As used in this application, the terms “component,” “module,” “system,” and the like are intended to refer to a computer-related entity, either hardware, firmware, a combination of hardware and software, software, or software in execution. For example, a component may be, but is not limited to being, a process running on a processor, a processor, an object, an executable, a thread of execution, a program, and/or a computer. By way of illustration, both an application running on a computing device and the computing device can be a component. One or more components can reside within a process and/or thread of execution and a component may be localized on one computer and/or distributed between two or more computers. In addition, these components can execute from various computer readable media having various data structures stored thereon. The components may communicate by way of local and/or remote processes such as in accordance with a signal having one or more data packets (e.g., data from one component interacting with another component in a local system, distributed system, and/or across a network such as the Internet with other systems by way of the signal).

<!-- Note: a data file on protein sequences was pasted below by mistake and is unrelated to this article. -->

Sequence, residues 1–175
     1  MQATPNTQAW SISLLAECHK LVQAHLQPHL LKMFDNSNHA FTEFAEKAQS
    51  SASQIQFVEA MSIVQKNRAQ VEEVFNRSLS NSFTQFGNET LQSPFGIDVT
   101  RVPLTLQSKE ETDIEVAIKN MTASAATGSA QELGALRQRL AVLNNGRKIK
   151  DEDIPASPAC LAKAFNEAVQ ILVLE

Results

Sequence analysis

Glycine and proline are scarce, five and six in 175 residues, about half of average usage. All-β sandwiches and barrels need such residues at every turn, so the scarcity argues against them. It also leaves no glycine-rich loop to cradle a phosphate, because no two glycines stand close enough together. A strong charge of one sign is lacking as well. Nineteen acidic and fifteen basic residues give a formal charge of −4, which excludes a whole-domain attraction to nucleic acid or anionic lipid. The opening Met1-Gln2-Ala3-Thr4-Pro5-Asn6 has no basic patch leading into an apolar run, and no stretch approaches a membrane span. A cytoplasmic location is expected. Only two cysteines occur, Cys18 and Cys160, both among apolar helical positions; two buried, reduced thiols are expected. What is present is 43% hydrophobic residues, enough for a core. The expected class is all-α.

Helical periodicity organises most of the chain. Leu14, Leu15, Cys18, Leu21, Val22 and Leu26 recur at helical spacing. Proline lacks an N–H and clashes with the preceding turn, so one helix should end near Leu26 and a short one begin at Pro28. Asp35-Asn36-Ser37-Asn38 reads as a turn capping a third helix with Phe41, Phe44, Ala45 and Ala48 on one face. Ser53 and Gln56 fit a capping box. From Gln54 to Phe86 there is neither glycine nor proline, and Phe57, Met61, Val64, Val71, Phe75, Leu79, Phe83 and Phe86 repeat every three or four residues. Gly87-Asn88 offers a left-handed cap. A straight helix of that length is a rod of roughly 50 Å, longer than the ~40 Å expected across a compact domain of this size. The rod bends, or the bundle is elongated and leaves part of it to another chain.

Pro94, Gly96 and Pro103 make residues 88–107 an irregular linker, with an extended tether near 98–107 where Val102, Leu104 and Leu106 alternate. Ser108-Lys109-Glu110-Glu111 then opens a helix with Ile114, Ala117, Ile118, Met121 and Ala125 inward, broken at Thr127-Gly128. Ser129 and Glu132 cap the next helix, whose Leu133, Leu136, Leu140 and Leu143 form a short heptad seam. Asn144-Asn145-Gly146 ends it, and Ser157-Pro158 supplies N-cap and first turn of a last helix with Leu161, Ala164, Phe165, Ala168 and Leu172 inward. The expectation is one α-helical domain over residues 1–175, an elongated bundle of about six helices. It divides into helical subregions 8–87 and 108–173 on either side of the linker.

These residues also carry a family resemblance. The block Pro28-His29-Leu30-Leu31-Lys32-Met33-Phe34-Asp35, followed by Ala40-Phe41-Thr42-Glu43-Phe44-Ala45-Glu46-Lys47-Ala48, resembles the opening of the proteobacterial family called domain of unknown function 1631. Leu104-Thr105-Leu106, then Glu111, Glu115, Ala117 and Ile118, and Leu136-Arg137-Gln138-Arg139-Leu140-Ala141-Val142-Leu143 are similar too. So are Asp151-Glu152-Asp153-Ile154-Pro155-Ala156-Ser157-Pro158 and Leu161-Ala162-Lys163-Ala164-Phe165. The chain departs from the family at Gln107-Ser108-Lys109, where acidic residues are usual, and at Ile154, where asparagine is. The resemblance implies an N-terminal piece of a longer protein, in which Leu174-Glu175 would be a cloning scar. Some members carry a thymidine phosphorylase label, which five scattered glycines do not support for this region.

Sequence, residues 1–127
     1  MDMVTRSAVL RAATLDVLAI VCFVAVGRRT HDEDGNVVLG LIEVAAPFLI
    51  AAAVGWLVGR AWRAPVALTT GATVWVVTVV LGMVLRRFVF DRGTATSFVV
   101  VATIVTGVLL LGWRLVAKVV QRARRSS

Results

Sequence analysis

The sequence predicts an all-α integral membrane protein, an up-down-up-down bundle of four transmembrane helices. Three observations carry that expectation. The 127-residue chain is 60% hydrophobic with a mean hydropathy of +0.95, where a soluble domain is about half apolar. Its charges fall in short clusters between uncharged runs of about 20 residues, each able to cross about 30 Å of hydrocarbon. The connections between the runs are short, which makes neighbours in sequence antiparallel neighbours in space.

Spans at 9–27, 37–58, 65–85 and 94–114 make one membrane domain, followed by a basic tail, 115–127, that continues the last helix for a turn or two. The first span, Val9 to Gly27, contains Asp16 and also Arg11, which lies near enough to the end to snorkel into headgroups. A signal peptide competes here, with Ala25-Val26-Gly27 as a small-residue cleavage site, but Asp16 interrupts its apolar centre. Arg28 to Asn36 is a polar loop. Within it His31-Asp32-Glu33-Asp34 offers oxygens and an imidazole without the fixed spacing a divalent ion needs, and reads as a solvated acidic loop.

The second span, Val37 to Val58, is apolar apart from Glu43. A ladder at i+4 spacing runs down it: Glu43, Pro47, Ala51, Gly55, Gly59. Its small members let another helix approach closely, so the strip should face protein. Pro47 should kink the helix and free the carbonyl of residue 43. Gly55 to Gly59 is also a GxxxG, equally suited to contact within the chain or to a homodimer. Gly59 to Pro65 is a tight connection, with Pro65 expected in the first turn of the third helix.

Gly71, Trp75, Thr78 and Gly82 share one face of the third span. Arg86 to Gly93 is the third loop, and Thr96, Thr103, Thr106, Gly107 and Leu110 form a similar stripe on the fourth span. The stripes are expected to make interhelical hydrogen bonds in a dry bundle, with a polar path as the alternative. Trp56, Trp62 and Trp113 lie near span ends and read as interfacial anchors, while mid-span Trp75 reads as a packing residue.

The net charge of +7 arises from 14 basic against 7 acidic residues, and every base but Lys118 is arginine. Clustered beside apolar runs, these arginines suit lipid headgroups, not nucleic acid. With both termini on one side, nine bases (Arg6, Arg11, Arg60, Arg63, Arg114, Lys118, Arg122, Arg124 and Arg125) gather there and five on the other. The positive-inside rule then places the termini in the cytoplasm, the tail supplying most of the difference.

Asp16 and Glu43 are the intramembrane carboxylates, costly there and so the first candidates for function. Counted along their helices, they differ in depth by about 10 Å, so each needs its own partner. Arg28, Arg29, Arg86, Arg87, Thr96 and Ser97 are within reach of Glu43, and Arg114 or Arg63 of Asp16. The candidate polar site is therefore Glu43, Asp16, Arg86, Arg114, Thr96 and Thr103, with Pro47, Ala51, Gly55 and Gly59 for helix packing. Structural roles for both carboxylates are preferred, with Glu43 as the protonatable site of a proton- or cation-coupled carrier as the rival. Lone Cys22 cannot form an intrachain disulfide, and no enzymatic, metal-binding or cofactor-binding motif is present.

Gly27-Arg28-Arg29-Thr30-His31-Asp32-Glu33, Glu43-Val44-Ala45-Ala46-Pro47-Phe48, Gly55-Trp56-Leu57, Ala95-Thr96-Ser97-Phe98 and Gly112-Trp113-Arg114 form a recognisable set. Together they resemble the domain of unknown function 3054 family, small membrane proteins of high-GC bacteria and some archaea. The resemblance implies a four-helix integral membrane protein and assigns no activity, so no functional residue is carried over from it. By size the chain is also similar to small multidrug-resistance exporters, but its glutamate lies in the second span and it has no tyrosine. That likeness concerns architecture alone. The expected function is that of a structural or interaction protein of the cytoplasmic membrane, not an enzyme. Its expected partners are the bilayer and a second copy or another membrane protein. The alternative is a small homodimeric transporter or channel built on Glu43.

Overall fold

Furthermore, various embodiments are described herein in connection with a mobile device. A mobile device can also be called a system, subscriber unit, subscriber station, mobile station, mobile, remote station, remote terminal, access terminal, UE, terminal, wireless communication device, user agent, user device, or user equipment (UE). A mobile device may be a cellular telephone, a cordless telephone, a Session Initiation Protocol (SIP) phone, a wireless local loop (WLL) station, a personal digital assistant (PDA), a handheld device having wireless connection capability, computing device, or other processing device connected to a wireless modem. Moreover, various embodiments are described herein in connection with a base station. A base station may be utilized for communicating with mobile device(s) and may also be referred to as an access point, Node B, or some other terminology.